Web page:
The FCC is seeking comment on a National Association of Broadcasters petition to clarify the application of the FCC’s ATSC 3.0 (NextGen TV) rules to multicast streams. Those are the extra channels broadcasters got in the switch to digital.
The former CFO of the Associated Builders and Contractors is tapped to succeed Trish Johnson.
As they transition to ATSC 3.0, the Next Gen TV transmission standard, broadcasters want the FCC to clarify/modify the TV station license framework for simulcasting to extend to multicast streams. The FCC is allowing stations to partner on distribution arrangements so that broadcasters can continue to deliver a primary stream in ATSC 1.0 given that ATSC 3.0 is not backward compatible with current sets. The NAB, in a petition for declaratory rulemaking, wants the FCC to declare that various multi-station arrangements for hosting and originating multicast streams in ATSC 1.0 and 3.0 are OK.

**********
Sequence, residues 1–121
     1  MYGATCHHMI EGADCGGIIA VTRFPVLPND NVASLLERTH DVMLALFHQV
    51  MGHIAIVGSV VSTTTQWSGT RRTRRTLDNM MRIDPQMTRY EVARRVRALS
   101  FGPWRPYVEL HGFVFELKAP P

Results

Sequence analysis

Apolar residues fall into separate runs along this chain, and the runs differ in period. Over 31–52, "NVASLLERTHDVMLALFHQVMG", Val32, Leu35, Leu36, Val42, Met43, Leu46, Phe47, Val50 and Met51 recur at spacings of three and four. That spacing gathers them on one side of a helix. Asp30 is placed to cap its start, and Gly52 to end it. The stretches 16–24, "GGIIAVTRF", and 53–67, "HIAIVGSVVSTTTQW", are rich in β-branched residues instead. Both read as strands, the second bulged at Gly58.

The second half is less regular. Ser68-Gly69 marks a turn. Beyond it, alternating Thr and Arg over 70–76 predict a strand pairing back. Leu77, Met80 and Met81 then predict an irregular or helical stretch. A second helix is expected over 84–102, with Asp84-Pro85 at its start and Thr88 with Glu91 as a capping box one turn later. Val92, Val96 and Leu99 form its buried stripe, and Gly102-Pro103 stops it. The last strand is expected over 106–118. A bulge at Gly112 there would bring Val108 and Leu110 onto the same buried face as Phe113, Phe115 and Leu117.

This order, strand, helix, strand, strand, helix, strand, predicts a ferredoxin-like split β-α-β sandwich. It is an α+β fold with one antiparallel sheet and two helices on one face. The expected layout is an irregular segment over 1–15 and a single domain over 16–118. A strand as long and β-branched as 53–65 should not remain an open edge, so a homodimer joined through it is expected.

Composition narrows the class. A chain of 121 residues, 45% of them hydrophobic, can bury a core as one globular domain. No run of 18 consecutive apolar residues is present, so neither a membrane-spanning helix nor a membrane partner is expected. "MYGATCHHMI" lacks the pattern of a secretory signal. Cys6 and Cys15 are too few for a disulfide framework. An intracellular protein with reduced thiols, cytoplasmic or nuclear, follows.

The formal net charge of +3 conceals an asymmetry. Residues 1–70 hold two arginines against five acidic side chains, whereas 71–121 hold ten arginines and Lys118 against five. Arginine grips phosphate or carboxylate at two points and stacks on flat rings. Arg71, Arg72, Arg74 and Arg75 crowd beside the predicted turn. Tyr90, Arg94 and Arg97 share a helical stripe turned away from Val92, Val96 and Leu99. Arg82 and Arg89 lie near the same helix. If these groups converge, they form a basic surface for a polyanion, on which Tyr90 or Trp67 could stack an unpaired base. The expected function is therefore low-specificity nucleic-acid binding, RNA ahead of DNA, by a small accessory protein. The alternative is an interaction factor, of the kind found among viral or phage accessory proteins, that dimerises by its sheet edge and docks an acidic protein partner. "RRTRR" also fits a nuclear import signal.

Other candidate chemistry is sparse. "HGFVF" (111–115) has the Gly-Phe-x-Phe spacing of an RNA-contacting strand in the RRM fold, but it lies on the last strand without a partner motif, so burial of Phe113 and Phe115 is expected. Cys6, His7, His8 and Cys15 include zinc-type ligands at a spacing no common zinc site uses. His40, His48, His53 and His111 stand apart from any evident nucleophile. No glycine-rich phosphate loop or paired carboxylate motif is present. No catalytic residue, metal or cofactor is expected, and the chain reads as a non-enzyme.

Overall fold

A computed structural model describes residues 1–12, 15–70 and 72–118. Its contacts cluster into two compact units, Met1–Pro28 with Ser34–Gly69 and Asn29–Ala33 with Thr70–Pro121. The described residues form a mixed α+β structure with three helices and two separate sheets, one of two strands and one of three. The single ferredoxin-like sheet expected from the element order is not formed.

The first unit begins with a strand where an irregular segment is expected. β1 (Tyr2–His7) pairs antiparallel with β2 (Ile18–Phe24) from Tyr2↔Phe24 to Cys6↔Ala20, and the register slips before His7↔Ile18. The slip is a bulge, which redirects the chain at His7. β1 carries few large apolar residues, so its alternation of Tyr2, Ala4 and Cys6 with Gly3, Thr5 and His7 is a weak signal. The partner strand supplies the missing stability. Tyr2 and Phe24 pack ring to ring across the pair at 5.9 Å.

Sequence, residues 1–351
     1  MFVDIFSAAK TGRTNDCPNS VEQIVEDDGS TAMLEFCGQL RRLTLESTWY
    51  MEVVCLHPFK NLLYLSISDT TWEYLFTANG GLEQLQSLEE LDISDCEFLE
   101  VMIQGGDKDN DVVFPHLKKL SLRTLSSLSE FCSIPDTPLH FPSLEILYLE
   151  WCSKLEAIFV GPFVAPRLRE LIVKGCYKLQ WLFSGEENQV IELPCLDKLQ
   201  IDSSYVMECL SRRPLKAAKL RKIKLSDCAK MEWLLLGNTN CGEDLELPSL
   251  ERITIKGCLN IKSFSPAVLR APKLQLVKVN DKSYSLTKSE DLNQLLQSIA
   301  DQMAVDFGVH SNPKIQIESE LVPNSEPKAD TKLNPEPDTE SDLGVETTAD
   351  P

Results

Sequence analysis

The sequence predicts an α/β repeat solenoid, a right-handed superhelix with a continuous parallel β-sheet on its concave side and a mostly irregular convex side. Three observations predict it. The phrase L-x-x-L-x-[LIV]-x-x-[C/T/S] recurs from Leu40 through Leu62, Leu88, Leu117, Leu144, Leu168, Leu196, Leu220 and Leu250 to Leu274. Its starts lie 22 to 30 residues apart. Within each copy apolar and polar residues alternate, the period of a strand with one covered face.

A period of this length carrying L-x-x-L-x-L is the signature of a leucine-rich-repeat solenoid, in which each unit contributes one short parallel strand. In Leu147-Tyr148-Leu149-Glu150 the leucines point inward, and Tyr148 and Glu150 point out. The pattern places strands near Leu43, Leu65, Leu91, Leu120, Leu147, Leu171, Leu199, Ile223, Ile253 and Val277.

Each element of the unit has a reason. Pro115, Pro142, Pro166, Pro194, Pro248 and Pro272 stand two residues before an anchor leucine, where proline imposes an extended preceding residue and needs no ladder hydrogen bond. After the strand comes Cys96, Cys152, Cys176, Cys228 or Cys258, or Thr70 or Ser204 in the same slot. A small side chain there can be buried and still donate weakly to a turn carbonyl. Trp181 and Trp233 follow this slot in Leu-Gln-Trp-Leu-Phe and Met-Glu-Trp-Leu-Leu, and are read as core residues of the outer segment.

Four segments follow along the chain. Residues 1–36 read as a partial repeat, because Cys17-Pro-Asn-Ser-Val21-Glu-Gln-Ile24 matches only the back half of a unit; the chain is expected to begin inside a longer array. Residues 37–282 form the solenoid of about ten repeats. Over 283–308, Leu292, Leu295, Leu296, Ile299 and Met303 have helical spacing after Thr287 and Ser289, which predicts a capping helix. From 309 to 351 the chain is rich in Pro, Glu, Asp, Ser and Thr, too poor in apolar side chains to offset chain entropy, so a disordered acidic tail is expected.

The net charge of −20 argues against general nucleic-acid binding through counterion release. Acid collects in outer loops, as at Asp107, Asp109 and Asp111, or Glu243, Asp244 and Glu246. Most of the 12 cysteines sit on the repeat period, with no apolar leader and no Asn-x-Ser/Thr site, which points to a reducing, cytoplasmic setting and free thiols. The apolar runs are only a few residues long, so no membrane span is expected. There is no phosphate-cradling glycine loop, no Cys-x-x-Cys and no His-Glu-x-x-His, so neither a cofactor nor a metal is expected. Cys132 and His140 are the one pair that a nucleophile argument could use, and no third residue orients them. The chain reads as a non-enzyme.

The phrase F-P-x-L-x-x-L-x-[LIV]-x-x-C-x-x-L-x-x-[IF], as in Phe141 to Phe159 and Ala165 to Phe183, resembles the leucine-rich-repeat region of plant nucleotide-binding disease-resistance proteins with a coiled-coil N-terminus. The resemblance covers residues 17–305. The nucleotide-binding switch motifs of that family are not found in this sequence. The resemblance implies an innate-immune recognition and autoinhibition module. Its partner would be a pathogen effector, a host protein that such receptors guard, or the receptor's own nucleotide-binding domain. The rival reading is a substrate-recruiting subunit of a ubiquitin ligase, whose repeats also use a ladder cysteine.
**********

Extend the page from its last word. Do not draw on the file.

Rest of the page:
NAB President and CEO Gordon Smith: “It has been clear for days now that Joe Biden has been on track to win the popular vote in his run for the presidency. It is decisive that today he has surpassed the threshold of 270 electoral college votes. NAB congratulates Joe Biden on becoming president-elect of the United States of America. …it is time to acknowledge the election of Joe Biden and to allow him the chance to bind our nation back together.”
As it prepares to lobby in a potentially re-regulatory Democratic administration, and still facing the ongoing impact of the pandemic, the National Association of Broadcasters is going to have to hit up its members, themselves hard hit by the economic impact of COVID-19, for more money. The NAB board has voted unanimously to approve a one-time extra charge equivalent to a year’s dues and payable over the next three years.
The commemoration of broadcasting’s centennial will spotlight legendary journalists and will feature Ted Koppel, Carol Marin, Soledad O’Brien and Robert Siegel. The program will also include a visit to the grounds of the old Westinghouse Electric works in Pittsburgh where the National Museum of Broadcasting has recreated the tiny rooftop shack that housed KDKA’s transmitter and studio on the night of its historic Nov. 2, 1920, broadcast of the election returns of the presidential race between Warren Harding and James Cox.